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Othello is a tragedy play written by William Shakespeare during the reign of Queen Elizabeth I and first performed in 1604.

Plot Overview Edit

During a meeting on a waterway street in Venice, Italy, the wealthy gentleman Roderigo becomes outraged by the incompetence of his friend Iago, whom he has recently paid to help him in his quest to win the heart of the delicate Desdemona, the daughter of Venetian senator Brabantio. The two friends see no progress in this goal, having just learned that Desdemona has already and secretly married Othello, a Moorish general in the Venetian army whom Iago not only serves as ensign but also hates for giving the title of commander to a younger army man named Cassio, who is considered less capable as a soldier. However, Iago has other plans for Othello made in his own advantage, and convinces Roderigo to wake Brabantio and tell him about his daughter's elopement. He then sneaks away to find Othello himself and warn him that his own father-in-law is coming for him.

Meanwhile, Brabantio is outraged and will not rest until he has Othello killed, but finds the Moor's residence full of the Duke of Venice's guards, who prevent violence. News arrives in Venice that the Turks are preparing to attack Cyprus, summoning Othello to advise the senators. Brabantio has no option but to accompany him to the Duke's residence, where he accuses the general of seducing Desdemona via witchcraft. Othello defends himself before the Duke, Brabantio's kinsmen Lodovico and Gratiano, and various senators, explaining that Desdemona became enamoured of him for the sad and compelling stories he has told of his life before Venice. The senate is satisfied once Desdemona confirms her love for Othello, but Brabantio leaves saying that she will betray her husband. By the Duke's order, Othello leaves Venice to command the Venetian armies against invading Turks on the island of Cyprus, accompanied by his new wife and Cassio, as well as Iago and his wife Emilia, who serves as Desdemona's attendant. The party arrives in Cyprus to find that a storm has destroyed the Turkish fleet. Othello orders a general celebration and leaves to consummate his marriage with Desdemona. In his absence, Iago gets Cassio drunk and persuades Roderigo to draw him into a fight with Montano, Othello's predecessor as governor of Cyprus. While trying to calm the angry Cassio, Montano is injured in the fight. Othello returns and blames Cassio for the disturbance, stripping him of his rank. Cassio is distraught, but Iago persuades him to importune Desdemona into convincing her husband to reinstate Cassio.

At his ensign's suggestion, Othello becomes suspicious of Cassio and Desdemona and vows for their deaths. When Desdemona drops a handkerchief (the first gift given to her by Othello), Emilia finds it, and gives it to her husband at his request, unaware of what he plans to do with it. Iago plants the handkerchief in Cassio's lodgings, then tells Othello to watch the former commander's reactions while questioning him. The ensign goads Cassio on to talk about his affair with his sweetheart Bianca, but whispers her name so quietly that Othello believes the two men are talking about Desdemona. Later, Bianca accuses Cassio of giving her a second-hand gift which he has received from another lover. Othello sees this, and Iago convinces him that Cassio must have received the handkerchief from Desdemona. Enraged and hurt, the Moorish general resolves to kill his wife and asks Iago to kill Cassio. He proceeds to make Desdemona's life miserable, hitting her in front of visiting Venetian nobles. Meanwhile, Roderigo complains that he has received no results from Iago in return for his money and efforts to win Desdemona, but Iago convinces him to kill Cassio. He attacks Cassio in the street after the latter leaves Bianca's lodgings, but Cassio wounds the attacker. During the scuffle, Iago comes from behind the commander using the darkness to hide his identity and badly cuts his leg. When Lodovico and Gratiano hear Cassio's cries for help, Iago joins them. Cassio identifies Roderigo as one of his attackers, and Iago secretly stabs Roderigo to stop him revealing the plot before accusing Bianca of the failed conspiracy to kill her sweetheart.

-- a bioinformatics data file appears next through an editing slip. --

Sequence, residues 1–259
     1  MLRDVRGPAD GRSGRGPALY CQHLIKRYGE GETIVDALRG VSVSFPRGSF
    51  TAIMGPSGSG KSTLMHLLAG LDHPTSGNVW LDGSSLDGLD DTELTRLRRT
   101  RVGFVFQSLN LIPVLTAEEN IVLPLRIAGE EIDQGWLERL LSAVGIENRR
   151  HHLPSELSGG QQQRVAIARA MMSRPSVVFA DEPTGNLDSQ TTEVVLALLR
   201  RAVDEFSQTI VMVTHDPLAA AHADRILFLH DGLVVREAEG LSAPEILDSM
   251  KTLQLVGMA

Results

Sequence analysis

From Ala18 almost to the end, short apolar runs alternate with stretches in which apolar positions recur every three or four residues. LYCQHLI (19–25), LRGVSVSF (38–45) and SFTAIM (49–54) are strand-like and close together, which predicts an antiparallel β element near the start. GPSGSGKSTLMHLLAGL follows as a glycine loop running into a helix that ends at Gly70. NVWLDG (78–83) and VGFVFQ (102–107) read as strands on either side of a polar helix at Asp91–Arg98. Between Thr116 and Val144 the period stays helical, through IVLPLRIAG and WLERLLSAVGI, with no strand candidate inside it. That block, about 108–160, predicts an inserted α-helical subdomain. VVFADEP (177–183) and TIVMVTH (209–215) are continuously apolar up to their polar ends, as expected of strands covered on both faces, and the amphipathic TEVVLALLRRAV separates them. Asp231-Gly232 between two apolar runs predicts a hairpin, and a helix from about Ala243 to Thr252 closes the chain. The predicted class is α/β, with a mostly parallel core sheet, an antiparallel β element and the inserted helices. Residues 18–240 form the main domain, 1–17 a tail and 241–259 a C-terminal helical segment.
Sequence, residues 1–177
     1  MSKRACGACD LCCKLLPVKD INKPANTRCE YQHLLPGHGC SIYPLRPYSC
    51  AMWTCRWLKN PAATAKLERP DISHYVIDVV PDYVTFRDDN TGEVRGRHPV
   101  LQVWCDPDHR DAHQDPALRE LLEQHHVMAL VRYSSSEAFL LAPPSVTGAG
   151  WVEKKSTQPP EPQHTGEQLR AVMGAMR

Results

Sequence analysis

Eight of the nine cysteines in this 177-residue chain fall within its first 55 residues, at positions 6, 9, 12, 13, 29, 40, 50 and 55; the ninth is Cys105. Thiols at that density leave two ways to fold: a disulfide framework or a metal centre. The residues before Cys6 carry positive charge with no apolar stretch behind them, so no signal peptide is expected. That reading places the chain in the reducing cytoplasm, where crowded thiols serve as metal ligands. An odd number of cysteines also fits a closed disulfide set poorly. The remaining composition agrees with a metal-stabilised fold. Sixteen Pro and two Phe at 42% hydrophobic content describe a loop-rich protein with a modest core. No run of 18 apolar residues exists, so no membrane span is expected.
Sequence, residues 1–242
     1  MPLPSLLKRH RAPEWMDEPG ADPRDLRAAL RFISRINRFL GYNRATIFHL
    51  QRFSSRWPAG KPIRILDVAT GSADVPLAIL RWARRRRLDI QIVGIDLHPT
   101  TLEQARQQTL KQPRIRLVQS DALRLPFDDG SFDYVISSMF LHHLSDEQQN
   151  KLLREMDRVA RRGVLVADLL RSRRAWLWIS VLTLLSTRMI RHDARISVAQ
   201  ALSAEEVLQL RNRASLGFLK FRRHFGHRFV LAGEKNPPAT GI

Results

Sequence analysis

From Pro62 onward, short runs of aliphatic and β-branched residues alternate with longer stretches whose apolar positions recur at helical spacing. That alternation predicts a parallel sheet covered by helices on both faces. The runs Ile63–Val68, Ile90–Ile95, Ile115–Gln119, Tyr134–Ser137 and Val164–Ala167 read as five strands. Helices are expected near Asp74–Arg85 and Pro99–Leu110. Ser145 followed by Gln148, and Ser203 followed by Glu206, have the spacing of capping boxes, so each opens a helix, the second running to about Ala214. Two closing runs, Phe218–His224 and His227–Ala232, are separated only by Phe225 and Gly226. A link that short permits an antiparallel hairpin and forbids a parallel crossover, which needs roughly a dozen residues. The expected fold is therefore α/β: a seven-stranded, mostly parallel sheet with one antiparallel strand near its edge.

Othello confronts Desdemona, and strangles her to death in their bed. When Emilia arrives, he accuses Desdemona of adultery, but Montano arrives with Ludovico, Gratiano and Iago when Emilia cries for help. When he mentions the handkerchief as proof, Emilia realizes what her husband has done and exposes him, whereupon he kills her. Othello, belatedly realizing Desdemona's innocence, stabs his own ensign but not fatally, saying that he would rather have Iago live the rest of his life in pain. Iago refuses to explain his motives, vowing to remain silent from that moment on. Lodovico apprehends both Iago and Othello for the murders of Roderigo and Emilia, but Othello commits suicide. Lodovico appoints Gratiano as Othello's successor and exhorts Cassio to punish Iago justly.

v - e - d Plays
Tragedies
Titus Andronicus | Romeo and Juliet | Julius Caesar | Hamlet | Troilus and Cressida | Othello | King Lear | Macbeth | Timon of Athens | Antony and Cleopatra | Coriolanus | The Tempest
Comedies
All's Well That Ends Well | As You Like It | The Comedy of Errors | Love's Labour's Lost | Measure for Measure | The Merchant of Venice | The Merry Wives of Windsor | A Midsummer Night's Dream | Much Ado About Nothing | Pericles, Prince of Tyre | The Taming of the Shrew | The Tempest | Twelfth Night | The Two Gentlemen of Verona | The Two Noble Kinsmen | The Winter's Tale | Cymbeline
Histories
King John | Edward III | Richard II | Henry IV | Henry V | Henry VI | Richard III | Henry VIII | Coriolanus | Julius Caesar | Antony and Cleopatra | King Lear | Macbeth

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